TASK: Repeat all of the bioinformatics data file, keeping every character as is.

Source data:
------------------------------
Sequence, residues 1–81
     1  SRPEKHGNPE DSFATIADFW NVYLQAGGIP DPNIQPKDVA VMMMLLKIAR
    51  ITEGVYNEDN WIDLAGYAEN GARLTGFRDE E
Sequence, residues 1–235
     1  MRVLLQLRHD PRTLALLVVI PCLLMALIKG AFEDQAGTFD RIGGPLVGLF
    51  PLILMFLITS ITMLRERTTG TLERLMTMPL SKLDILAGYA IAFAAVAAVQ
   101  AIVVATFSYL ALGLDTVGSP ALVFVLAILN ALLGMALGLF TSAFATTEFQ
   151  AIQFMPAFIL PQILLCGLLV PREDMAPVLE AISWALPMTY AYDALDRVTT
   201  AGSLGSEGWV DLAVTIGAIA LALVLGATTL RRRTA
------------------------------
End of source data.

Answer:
Sequence, residues 1–81
     1  SRPEKHGNPE DSFATIADFW NVYLQAGGIP DPNIQPKDVA VMMMLLKIAR
    51  ITEGVYNEDN WIDLAGYAEN GARLTGFRDE E
Sequence, residues 1–235
     1  MRVLLQLRHD PRTLALLVVI PCLLMALIKG AFEDQAGTFD RIGGPLVGLF
    51  PLILMFLITS ITMLRERTTG TLERLMTMPL SKLDILAGYA IAFAAVAAVQ
   101  AIVVATFSYL ALGLDTVGSP ALVFVLAILN ALLGMALGLF TSAFATTEFQ
   151  AIQFMPAFIL PQILLCGLLV PREDMAPVLE AISWALPMTY AYDALDRVTT
   201  AGSLGSEGWV DLAVTIGAIA LALVLGATTL RRRTA